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Grades: Pelicans Pay Hefty Price To Retain Jrue Holiday

Looking down the line, the Pelicans needed to sign Jrue Holiday to keep Anthony Davis and DeMarcus Cousins happy.

The Pelicans have secured a proven point guard to feed All-Star big men Anthony Davis and DeMarcus Cousins, but they paid a hefty, hefty price to do so.

New Orleans has agreed to re-sign Jrue Holiday (15.4 PPG, 7.3 APG, 3.9 RPG) to a five-year contract worth at least $126 million. The deal, which reportedly includes a player option on the final year, could rise to as much as $150 million if Holiday reaches unspecified incentives.

This is a classic “grit your teeth and begrudgingly pull the trigger” move for the Pelicans, who have spent the last five years struggling to acquire genuine talent to put around Davis. New Orleans had simply backed itself into a corner from a leverage standpoint: Holiday was the only worthwhile guard on last year’s roster, back-up Tim Frazier had already left for Washington, and a messy salary cap situation would have made it impossible for New Orleans to pursue a comparable replacement in free agency. The Pelicans had two choices: pay through the nose for the oft-injured Holiday or settle for a meaningful downgrade at a critical position.

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As if Davis’s potential impatience with the franchise’s lack of progress wasn’t enough to worry about, New Orleans also faced an immediate ticking clock on Cousins’s 2018 free agency as soon as they landed him during the 2017 All-Star break. With just one playoff appearance during the Davis era and superstars changing squads left and right, the oft-overlooked Pelicans found themselves needing to pay Holiday as much for his symbolic value as his actual skills. If he had walked out the door for nothing, the Cousins trade talk would have ramped up, Davis trade talk wouldn’t have been far behind, and both GM Dell Demps and coach Alvin Gentry would have faced renewed questions about their futures. That’s all very messy, and this deal certainly helps avoid—or at least delay—those conversations.

But there’s a big difference between a deal a team feels it needs to make and a good deal, and there’s really no way to call this a good deal. Holiday, 27, has missed 37% of New Orleans’s games over the past four seasons combined due to a series of injuries and he’s losing his match-up more often than he’s winning it in the loaded Western Conference. This contract carries him through his age-31 season and grants Holiday the ability to opt into what will be a massive fifth-year salary if recurring injuries continue to limit him.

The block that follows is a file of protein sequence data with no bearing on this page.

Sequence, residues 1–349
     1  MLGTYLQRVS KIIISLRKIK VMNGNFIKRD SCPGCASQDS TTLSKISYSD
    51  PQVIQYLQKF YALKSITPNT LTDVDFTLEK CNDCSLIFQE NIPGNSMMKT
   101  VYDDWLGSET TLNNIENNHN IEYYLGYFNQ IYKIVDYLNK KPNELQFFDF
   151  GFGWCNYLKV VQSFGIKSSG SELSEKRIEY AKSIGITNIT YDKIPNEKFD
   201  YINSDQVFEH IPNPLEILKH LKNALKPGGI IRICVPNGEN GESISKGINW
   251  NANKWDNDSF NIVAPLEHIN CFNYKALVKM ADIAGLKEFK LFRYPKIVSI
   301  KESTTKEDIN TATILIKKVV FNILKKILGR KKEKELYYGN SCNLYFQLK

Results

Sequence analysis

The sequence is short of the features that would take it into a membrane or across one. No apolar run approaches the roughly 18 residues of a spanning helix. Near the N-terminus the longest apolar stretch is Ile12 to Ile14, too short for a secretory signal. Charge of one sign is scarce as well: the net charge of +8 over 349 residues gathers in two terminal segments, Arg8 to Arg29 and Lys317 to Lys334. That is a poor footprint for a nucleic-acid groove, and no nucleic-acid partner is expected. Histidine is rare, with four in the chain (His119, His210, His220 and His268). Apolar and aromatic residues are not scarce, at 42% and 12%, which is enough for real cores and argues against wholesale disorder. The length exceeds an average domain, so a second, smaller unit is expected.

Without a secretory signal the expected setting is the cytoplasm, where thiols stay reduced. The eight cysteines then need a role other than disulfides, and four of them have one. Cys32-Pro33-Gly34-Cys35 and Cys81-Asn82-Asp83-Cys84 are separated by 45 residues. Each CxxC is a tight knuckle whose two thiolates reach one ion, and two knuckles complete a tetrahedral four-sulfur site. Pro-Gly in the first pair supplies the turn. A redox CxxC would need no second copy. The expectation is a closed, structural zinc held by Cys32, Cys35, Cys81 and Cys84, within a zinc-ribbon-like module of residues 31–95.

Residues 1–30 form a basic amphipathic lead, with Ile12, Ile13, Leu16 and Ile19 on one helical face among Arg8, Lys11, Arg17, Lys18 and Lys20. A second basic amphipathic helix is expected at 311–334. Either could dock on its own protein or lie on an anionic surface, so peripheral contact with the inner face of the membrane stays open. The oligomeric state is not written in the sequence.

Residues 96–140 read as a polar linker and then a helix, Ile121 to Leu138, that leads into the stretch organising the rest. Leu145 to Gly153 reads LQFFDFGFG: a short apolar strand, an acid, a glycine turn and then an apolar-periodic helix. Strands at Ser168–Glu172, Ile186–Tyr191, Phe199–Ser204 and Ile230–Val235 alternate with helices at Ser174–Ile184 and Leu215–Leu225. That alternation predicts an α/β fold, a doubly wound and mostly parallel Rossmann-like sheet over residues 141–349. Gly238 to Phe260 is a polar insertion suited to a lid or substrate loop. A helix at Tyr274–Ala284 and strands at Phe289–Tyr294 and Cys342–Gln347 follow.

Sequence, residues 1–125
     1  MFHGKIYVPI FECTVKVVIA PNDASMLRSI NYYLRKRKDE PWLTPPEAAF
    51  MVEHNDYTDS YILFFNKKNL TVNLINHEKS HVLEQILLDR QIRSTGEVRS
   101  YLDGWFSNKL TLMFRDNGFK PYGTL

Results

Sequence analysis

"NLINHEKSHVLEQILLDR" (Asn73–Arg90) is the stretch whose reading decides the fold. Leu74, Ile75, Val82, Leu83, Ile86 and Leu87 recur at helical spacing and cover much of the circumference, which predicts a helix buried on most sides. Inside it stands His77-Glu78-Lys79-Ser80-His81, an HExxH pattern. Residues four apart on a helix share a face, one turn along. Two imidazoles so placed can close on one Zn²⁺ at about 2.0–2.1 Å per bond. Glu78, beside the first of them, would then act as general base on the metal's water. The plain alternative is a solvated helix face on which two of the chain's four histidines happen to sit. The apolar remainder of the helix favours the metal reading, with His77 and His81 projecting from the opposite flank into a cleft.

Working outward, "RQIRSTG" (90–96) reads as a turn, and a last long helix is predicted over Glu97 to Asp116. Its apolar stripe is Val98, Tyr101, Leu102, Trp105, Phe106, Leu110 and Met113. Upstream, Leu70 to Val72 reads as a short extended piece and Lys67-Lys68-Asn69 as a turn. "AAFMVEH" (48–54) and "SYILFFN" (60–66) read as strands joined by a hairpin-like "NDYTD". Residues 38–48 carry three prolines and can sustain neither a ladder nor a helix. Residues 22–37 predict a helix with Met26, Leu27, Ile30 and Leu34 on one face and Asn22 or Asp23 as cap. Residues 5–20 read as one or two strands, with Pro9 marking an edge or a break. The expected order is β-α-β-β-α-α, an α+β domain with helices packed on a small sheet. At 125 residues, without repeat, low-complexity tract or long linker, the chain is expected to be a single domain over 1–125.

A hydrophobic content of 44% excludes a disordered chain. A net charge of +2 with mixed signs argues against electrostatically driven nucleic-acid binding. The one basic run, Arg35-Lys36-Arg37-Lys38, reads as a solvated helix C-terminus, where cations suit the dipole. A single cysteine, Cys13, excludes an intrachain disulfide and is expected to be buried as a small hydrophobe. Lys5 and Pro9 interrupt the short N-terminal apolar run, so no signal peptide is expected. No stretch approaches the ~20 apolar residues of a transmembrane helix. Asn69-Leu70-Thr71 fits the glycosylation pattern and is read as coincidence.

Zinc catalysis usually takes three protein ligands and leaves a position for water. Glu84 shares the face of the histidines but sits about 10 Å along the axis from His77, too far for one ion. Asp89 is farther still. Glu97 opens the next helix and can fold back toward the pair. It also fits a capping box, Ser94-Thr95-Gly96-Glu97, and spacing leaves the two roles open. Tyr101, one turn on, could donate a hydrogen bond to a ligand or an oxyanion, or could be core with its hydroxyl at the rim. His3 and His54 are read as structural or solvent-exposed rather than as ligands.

That Holiday got both a five-year term and the option reveals New Orleans’s desperation, not to mention that his baseline average annual salary ($25.2 M) will dwarf fellow 2017 early signees Jeff Teague ($19 M) and Patty Mills ($12.5 M). One suspects that these terms might look even worse once this summer’s other comparable point guards—guys like Kyle Lowry and George Hill —go off the market.

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Holiday is a complete player, mixing good size and length, quality scoring instincts, playmaking ability and positive defensive impact. There were some promising signs for the Davis/Cousins/Holiday trio last year, as they posted a +2.8 net rating together compared to New Orleans’s -1.6 net rating overall. But New Orleans has precious little margin for error or injury next season and they are now committed to compensating their good point guard as if he’s a superstar.

The Pelicans’ playoff formula now relies on near-perfect health for all three players, and even in a best-case scenario it’s difficult to envision New Orleans being competitive in a first-round series against one of the West’s top three teams.

While this signing isn’t a disaster a la Omer Asik or some of Demps’s other greatest hits, there’s no way to frame this as a win. Losing Holiday would have been far worse, but keeping him at this price and for this length should inspire only gulps rather than cheers.  

Grade: C-